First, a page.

Solitaire is one of the most timeless card games ever. It’s easy to learn, it’s easy to master, half of the time your losses are chance, and a single game takes such little time you can always play one or two to kill some time.

But unfortunately, given the way the smartphone game market operates, almost any solitaire app is littered with ads. Banner ads are one thing, but full screen ads constantly pop up in nearly all Solitaire phone games, killing a huge part of the enjoyment.

On the flip side, I also think playing Solitaire with a physical deck of cards is cumbersome, requires ample table space, and takes too long to set up. For my money, or more accurately my time, the best way to play is classic desktop versions.

As a kid, I remembered every PC always had Solitaire installed, something that is sorely missed now. Thankfully, with Adobe Flash and HTML based game sites like one I played through this week,, it’s still just as easy as ever to enjoy a few rounds.

First and foremost, doesn’t run ads, and because of the simplicity of the flash and HTML games, any computer runs them flawlessly.

There are many versions of Klondike on, but the first one on the Klondike tab is my favorite.

The website opens with a basic Klondike solitaire, which is fine, but clicking on the Klondike tab begins a much better version that allows standard 3-card draws as well as single card draws as an easy mode. 

While scrolling down shows all the versions available for each game type, I wish some of the accessibility features (double clicking for fast move, auto-completes, etc.) were universal between each version. Thankfully with such a large library of similar titles, I was always able to find something that fit my playstyle.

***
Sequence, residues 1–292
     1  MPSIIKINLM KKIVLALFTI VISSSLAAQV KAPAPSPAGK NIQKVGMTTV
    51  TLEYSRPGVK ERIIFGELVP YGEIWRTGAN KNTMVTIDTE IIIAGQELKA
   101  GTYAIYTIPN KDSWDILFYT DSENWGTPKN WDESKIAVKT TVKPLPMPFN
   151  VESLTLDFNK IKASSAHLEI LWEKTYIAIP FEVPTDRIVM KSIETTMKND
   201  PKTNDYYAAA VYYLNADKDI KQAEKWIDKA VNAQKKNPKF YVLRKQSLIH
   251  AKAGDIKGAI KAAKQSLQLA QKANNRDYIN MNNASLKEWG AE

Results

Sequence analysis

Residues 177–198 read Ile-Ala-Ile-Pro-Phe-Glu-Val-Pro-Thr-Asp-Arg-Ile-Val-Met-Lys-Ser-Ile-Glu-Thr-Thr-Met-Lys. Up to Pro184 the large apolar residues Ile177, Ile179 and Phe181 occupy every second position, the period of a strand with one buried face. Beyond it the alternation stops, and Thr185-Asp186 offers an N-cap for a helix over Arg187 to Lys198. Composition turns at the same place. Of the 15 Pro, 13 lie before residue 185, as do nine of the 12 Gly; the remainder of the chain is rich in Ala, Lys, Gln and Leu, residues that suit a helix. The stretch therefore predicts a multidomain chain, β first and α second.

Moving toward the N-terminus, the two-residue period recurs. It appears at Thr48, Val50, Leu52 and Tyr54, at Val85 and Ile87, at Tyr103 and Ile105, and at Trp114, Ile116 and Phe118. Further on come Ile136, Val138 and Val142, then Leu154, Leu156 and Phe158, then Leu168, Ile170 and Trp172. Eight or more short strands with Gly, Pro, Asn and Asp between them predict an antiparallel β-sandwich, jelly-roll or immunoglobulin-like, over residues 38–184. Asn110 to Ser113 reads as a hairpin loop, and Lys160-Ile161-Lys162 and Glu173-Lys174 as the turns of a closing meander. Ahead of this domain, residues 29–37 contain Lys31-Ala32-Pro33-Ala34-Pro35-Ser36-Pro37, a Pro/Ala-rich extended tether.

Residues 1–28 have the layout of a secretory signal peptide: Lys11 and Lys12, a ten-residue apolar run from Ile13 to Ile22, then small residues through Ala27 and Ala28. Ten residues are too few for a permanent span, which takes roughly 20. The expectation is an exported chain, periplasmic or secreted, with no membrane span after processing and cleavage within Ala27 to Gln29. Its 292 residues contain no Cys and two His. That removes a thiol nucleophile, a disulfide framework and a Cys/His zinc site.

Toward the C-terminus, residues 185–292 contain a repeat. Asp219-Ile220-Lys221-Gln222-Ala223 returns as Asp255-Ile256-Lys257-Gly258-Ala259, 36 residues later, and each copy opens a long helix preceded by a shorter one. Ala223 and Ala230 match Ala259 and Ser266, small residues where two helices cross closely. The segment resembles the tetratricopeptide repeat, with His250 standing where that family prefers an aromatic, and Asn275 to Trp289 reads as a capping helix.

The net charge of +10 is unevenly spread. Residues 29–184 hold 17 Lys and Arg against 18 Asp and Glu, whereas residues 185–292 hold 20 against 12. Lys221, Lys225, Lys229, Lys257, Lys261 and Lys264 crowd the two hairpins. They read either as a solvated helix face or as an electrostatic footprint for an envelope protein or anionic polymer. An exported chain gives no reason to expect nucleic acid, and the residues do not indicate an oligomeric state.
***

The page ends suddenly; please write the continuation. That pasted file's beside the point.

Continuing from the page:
Another gripe about Solitaire as a phone app is the lack of modes. Most of these apps only have Klondike, which is fun, but sometimes you just need a change of pace to avoid the “this is pointless” feeling. Going back to, they have such a wide variety of versions like Spider Solitaire, Tripeaks, Free Cell and my personal favorite Pyramid, which is less of a Solitaire and more of a basic arithmetic game.

Pyramid uses basic mathematics rather than standard Solitaire rules.

Oddly enough, the user interface of a few games didn’t make full use of the screen, so I looked up a couple and realized that there are phone apps on with the huge exception that there’s no ads, no monetization of any kind. While something as simple as Zero 21 isn’t mindblowing, it’s an incredibly fun, solid and speedy timekiller that benefits immensely from the omission of ads popping up every three levels.

Zero 21 is like a streamlined, fast-paced singleplayer Blackjack.

There are even oddball entries like Zuma Ball and Tennis that just make me wish the mobile game market had taken a different turn a decade ago. If more apps were like’s catalog, I’d be on my phone a whole lot more.

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